Chinese e-commerce giant Alibaba is back in the investment mode after a few weeks of rest. It has invested over $100 million in flash sales online platform Mei.com and $206 million in SingPost. Alibaba announced Wednesday that it would form a team within its Tmall platform to help Mei.com expand its product offerings, customer base, IT and logistics infrastructure.
How Mei.com could help Alibaba
Though Alibaba didn’t disclose the size of its investment in Mei.com, sources familiar with the deal told Reuters that it poured more than $100 million. Mei.com sells fashion and luxury goods at discounted rates via flash sales. Its founder Thibault Villent said, “The two parties complement each other.” More than 280 international brands including Zegna, Armani, Roger Vivier, Michael Kors, and Tumi have exclusive partnerships with Mei.com in China.
The strategic investment in Mei.com may be Alibaba’s way to burnish its image with international luxury brands. Many brands have accused the Hangzhou-based company of selling counterfeit goods, which hurts their brand value and revenue. Over the past few months, the Chinese online retail giant has taken a series of steps to curb the sales of fake goods on its platform, and improve its image.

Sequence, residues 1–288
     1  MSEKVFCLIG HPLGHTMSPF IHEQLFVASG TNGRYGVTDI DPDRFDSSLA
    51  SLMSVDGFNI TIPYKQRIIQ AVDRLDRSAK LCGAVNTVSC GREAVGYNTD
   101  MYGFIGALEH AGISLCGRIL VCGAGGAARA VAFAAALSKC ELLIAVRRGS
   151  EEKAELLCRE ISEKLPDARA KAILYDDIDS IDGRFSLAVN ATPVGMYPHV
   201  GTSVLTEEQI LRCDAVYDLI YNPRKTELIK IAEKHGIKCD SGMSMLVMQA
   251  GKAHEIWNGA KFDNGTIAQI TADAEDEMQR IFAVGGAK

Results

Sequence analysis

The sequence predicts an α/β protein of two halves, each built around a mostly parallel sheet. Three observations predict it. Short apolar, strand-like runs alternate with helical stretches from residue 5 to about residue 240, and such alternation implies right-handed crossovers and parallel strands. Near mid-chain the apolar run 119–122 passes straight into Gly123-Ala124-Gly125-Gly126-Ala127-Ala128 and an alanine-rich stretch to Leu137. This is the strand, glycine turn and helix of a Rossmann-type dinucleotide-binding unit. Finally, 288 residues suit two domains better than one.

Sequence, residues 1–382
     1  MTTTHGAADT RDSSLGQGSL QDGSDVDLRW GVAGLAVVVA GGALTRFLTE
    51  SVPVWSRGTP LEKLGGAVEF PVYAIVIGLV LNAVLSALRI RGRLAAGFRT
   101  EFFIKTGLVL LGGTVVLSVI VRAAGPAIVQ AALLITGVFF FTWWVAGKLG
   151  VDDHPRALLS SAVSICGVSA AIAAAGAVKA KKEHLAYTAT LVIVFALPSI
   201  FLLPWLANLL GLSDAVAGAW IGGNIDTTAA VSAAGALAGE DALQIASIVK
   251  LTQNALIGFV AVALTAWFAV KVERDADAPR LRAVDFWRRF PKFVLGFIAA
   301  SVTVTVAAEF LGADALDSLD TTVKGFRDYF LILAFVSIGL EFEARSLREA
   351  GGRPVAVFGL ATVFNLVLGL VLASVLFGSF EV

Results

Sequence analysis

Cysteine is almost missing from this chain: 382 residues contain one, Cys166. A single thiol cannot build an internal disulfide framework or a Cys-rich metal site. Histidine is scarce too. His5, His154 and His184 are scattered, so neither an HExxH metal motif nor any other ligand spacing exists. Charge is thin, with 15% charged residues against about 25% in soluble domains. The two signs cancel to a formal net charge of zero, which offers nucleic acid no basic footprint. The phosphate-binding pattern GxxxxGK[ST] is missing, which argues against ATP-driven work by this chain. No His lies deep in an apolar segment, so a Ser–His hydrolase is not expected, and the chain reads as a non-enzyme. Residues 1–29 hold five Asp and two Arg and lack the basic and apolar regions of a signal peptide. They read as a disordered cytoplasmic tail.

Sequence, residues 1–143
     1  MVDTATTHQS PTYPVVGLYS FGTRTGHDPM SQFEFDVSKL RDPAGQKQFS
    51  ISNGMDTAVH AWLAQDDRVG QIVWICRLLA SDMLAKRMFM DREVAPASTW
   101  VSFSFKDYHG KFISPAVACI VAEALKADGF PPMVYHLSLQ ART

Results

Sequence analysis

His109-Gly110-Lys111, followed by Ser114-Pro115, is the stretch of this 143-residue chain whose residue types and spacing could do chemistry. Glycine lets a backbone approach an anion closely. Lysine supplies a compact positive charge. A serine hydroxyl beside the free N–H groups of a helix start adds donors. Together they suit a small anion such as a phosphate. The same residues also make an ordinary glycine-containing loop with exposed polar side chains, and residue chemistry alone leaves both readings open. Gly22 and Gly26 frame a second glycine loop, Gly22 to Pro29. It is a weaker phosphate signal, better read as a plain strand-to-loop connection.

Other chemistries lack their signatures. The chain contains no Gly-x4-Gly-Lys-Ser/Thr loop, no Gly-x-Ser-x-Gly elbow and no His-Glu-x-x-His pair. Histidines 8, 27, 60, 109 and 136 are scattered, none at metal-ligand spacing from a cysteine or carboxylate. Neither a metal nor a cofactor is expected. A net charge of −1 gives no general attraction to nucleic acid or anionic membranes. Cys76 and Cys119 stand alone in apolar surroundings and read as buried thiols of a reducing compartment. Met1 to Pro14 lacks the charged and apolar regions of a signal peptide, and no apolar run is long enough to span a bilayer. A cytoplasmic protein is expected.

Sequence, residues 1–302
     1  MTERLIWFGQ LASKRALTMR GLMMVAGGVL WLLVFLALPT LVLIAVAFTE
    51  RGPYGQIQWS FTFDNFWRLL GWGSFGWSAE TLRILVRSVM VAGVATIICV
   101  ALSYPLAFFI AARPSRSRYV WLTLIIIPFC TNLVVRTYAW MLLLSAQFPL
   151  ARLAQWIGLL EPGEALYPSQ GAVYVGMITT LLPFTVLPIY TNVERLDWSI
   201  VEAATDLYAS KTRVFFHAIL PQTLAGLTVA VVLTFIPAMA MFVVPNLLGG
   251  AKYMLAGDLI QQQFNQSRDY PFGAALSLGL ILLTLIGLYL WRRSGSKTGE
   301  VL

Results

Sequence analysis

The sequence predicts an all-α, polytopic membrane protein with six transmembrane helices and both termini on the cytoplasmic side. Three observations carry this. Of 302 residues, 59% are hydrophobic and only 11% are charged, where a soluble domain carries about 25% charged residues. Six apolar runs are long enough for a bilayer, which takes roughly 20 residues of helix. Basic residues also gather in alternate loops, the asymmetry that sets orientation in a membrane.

Alibaba hikes stake in SingPost
Separately, Alibaba has invested a total of $205.98 million in SingPost. The Singapore-based company is seeking to bolster its e-commerce business as postal revenue has stagnated. Last year, Alibaba had acquired 10.35% stake in SingPost for $249 million. The Chinese company has now spent another $138.6 million to buy an additional 5% stake. Following the deal, Alibaba will own 14.51% in SingPost.
Alibaba is investing another $67.85 million to acquire a 34% stake in SingPost subsidiary Quantum Solutions International. Quantum offers e-commerce logistics across the Asia Pacific. Following the transaction, QSI will become a joint-venture between Alibaba and SingPost.
Alibaba shares fell 2.03% to $78 at 10:27 AM EDT on Wednesday. The stock was hurt by a broad sell-off of Chinese shares amid fears of economic fallout from a stock bubble in China’s domestic shares.